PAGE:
Enough for today, but watch out for future mandate cases

Much remains to be said, but for now, all I can conclude is that the decision could have been much, much worse. Dozens of more challenges to the mandate are in the federal courts now. Some are from for-profit companies. Many more are from non-profits that the Supreme Court might or might not decide are “religious” enough. Let’s hope Justice Ginsburg doesn’t write for the majority when those cases are decided.

Why sue over the mandate?

With three days to go until the Supreme Court announces its decision in the Hobby Lobby & Conestoga Wood Products cases, time for a review: why even bother to sue the federal government over Obamacare’s contraceptive mandate at all? Why not just go along?

CAM00569Because religious liberty matters. It’s not simply a matter of worship, taking place in a building once a week. The mandate forces the question of how Americans may exercise their beliefs in everyday life. If an American holds the religiously-based belief that contraception and abortion are immoral, can that American be forced to pay for them? How about a business owner who wants to provide employees with health insurance, but on religious grounds wants no part of helping fund contraception and abortion as “preventive care”?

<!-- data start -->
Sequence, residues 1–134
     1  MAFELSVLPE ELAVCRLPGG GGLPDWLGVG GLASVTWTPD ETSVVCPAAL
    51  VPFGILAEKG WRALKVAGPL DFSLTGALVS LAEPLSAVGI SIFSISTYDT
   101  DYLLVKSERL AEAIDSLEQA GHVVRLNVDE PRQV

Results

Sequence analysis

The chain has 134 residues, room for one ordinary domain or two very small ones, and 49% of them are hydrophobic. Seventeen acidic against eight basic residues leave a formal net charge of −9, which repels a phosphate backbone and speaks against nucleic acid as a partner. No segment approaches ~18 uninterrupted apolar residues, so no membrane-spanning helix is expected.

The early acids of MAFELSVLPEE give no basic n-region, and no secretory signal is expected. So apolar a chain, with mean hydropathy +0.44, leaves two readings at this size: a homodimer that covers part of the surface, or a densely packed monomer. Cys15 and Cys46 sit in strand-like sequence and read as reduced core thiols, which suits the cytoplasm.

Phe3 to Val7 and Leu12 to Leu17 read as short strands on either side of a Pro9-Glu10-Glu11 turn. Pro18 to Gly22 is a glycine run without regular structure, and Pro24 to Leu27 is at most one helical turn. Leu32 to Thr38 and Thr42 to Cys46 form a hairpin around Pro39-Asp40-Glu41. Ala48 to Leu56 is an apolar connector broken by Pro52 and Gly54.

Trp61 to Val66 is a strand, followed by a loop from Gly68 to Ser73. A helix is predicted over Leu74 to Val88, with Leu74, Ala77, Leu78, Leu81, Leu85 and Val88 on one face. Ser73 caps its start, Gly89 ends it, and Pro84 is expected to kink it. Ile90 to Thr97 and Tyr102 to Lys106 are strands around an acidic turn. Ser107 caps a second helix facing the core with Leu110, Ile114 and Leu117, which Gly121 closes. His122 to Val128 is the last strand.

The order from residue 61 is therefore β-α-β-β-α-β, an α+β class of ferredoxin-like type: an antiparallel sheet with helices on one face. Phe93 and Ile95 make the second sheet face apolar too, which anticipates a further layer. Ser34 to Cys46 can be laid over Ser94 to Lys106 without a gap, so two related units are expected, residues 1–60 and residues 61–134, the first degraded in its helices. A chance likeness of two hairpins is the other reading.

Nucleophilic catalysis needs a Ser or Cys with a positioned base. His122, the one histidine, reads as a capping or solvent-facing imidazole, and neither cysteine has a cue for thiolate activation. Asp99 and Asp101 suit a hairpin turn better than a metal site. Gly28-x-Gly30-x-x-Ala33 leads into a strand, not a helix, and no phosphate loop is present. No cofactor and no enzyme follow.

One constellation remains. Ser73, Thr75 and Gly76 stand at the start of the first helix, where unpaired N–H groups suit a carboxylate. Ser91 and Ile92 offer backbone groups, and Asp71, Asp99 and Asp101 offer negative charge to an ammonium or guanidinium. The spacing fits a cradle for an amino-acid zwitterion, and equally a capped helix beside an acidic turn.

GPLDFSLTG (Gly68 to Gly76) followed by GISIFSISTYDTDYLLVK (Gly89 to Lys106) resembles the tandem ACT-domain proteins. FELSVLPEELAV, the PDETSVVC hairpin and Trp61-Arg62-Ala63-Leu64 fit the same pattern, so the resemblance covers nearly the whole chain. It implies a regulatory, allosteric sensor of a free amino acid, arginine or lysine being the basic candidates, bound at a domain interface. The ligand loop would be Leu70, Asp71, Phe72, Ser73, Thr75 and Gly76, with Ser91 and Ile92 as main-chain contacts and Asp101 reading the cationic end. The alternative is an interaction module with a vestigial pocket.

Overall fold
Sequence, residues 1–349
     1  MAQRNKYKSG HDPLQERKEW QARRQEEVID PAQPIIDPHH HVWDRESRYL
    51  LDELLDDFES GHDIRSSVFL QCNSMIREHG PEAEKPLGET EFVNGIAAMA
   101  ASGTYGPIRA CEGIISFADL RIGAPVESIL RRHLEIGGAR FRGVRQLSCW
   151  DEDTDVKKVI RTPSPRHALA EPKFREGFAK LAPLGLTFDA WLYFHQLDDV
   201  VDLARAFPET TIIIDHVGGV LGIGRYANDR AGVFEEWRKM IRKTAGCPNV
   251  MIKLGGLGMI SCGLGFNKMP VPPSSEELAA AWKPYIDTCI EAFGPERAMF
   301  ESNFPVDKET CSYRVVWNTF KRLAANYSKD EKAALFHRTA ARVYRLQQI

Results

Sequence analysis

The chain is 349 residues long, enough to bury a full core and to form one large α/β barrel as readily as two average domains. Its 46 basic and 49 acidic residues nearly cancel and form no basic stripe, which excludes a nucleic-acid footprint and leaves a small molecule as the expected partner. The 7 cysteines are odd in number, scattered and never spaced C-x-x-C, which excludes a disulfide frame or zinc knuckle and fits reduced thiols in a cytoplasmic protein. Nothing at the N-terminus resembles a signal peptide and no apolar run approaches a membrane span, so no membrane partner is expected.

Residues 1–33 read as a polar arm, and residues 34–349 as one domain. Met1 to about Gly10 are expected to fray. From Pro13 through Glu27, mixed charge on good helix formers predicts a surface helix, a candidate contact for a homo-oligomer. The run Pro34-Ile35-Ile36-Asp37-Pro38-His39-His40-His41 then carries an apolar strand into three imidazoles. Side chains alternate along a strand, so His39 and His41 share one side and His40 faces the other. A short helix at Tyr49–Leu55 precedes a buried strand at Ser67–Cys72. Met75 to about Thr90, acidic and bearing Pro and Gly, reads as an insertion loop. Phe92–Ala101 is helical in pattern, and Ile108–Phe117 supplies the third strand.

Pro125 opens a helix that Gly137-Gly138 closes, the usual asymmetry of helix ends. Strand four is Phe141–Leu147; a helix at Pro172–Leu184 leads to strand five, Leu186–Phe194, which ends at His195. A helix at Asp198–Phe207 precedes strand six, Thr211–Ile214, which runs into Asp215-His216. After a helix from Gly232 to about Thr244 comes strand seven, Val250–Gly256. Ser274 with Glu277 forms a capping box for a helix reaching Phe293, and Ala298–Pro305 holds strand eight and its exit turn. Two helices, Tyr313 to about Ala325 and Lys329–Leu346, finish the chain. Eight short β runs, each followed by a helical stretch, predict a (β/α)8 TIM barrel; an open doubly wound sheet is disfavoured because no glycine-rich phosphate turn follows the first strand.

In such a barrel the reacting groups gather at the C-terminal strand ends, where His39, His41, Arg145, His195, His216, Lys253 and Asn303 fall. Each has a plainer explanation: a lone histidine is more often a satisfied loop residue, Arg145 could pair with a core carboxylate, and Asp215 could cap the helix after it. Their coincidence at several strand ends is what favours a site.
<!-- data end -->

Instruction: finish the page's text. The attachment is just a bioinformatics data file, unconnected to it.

Two years ago, the Catholic bishops of the United States filed twelve lawsuits challenging the mandate. Mary Ann Glendon in 2012 wrote Why the Bishops are Suing the Government, published in the Wall Street Journal. The issues she described then are still unsettled today.

The main goal of the mandate is not, as HHS claimed, to protect women’s health. It is rather a move to conscript religious organizations into a political agenda, forcing them to facilitate and fund services that violate their beliefs, within their own institutions. The media have implied all along that the dispute is mainly of concern to a Catholic minority with peculiar views about human sexuality. But religious leaders of all faiths have been quick to see that what is involved is a flagrant violation of religious freedom. That’s why former Arkansas Gov. Mike Huckabee, a Baptist minister, declared, ‘We’re all Catholics now.'”

How about people with religious beliefs who don’t work for a religious organization? That’s where Hobby Lobby and Conestoga Wood Products come in. Those are two companies that don’t qualify in any way for the Obama Administration’s “accommodations” on the mandate. They’re secular businesses. The owners reluctantly filed suit against the mandate, because there seems to be no room under Obamacare for them to provide health insurance for their employees while having their own religious beliefs respected.

Religious liberty, or mere freedom to worship? The First Amendment’s free speech guarantee got a very qualified endorsement by the Supreme Court in the recent buffer zone case. Let’s see how narrowly another aspect of the Amendment is viewed by the Court on Monday.